The bitmap data from the near-infrared CCD camera (1 frame = 320×240 pixels) were acquired by a frame grabber board (DT3152, Data Translation) in the microcomputer at a rate of 30 frames/s; every 30th image was stored on the hard disk. The computer was connected to the internet such that the behavioral state of the monkey could be monitored using any computer equipped with the relevant remote desktop application and internet access. The hippocampal EEG, surface EEG, EOG, and EMG data were acquired at 1,000 Hz via the multi-function board (DT3010, Data Translation) in the microcomputer; these data were stored on the hard disk every 32.768 s ( = 1 segment).

Data analysis

Because the sleep architecture of monkeys is known to resemble that of humans [31], polysomnographic data in each segment were visually scored using criteria based on the standards for human sleep staging established by Rechtschaffen and Kales [32]. In addition, we scored an epoch as an “artifact” when it consisted of >50% noise and obscured the pattern. The sleep efficiency index (the ratio of total sleep time to total time of the dark period from lights-off in the evening to lights-on the next morning) was calculated based on these polysomnographic and bitmap data.

For the analysis of the hippocampal EEG data, we used results acquired from the hilar region of the dentate gyrus of Monkey-A recorded through the concentric electrode (Table 1). In addition, as regards the findings recorded in the Monkey-B using the multiwire electrode, we calculated “differential data”, by subtracting data recorded through a wire above the granular cell layer from those below the layer.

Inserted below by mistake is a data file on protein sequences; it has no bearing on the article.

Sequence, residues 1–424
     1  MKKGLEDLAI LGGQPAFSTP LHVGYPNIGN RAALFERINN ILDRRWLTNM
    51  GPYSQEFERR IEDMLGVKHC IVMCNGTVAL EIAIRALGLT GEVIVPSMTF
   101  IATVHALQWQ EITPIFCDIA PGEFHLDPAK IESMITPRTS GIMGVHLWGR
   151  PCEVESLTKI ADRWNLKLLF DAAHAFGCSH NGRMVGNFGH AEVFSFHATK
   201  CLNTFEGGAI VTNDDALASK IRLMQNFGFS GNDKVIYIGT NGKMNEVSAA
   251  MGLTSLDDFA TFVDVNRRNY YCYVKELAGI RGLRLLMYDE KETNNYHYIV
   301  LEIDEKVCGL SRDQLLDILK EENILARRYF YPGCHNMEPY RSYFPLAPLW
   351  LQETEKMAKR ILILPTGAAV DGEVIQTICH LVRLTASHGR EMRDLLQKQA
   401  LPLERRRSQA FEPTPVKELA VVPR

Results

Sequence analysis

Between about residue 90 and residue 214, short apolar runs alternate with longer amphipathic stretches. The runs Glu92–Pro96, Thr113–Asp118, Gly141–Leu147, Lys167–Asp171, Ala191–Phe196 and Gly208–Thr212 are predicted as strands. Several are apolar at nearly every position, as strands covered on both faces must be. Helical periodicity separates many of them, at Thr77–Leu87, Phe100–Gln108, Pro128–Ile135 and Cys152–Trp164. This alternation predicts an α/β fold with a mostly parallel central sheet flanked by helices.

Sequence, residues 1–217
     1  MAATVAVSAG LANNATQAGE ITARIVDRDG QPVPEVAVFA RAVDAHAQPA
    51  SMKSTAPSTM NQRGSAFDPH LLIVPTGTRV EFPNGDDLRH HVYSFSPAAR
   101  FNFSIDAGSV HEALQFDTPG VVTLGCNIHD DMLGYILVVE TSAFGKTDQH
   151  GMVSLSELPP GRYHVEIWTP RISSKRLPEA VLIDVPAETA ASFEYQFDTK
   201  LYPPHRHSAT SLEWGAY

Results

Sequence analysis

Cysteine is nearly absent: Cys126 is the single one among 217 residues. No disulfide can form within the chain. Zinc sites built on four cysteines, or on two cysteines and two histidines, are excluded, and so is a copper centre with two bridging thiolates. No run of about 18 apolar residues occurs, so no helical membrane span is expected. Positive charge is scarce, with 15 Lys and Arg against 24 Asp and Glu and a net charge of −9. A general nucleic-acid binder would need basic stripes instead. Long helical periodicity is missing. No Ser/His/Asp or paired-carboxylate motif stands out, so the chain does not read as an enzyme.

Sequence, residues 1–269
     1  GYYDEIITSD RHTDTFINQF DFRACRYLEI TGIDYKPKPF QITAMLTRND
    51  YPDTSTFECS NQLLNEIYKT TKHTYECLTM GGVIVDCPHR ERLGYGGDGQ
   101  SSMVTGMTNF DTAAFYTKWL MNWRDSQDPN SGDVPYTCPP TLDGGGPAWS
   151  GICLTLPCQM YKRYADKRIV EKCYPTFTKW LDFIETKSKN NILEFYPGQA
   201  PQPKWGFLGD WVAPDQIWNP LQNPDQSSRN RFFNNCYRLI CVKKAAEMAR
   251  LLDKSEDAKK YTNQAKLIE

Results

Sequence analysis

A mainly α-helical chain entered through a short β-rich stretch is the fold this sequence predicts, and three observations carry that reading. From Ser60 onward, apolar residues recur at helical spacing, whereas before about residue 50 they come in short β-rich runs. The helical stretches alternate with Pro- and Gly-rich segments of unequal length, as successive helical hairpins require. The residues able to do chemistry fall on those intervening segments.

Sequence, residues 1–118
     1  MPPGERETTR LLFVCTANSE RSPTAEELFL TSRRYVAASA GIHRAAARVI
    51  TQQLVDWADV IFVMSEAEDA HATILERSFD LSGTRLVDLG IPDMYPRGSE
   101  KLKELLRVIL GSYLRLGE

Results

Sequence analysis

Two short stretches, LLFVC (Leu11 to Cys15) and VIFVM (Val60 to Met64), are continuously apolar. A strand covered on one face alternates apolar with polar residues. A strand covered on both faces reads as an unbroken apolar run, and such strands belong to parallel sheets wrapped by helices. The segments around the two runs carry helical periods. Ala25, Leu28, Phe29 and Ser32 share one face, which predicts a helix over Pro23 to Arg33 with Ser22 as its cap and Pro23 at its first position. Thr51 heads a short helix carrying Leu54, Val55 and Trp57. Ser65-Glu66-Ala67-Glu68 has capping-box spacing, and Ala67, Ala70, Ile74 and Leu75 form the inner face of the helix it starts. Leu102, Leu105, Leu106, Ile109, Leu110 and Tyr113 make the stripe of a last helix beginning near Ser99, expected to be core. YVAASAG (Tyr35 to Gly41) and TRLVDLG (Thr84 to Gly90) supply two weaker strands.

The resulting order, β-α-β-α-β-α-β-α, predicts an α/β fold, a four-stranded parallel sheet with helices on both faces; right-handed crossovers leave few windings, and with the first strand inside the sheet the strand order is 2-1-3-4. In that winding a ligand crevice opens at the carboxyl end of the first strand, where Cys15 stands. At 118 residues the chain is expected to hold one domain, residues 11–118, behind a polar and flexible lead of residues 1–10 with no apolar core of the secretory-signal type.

We carried out spectral analyses of these EEG data, as recorded both through the concentric electrode and the multiwire electrode; Hamming window (32,768 points) was used in 32,768-point Fast Fourier Transform (FFT) to minimize spectral leakage. The full-spectrum amplitude data in each session was first averaged across segments of the same behavioral state. These averaged data were then normalized relative to the peak amplitude appearing in the slow wave frequency (0.5–1.2 Hz) during wakefulness. Finally, these data were averaged across different sessions and different monkeys. The spectral amplitudes calculated by FFT were further averaged in the delta (1.0–4.0 Hz), theta (4.0–8.0 Hz), alpha (8.0–12.0 Hz), beta (12.0–20.0 Hz), and gamma (20.0–80.0 Hz) frequency ranges for statistical purposes.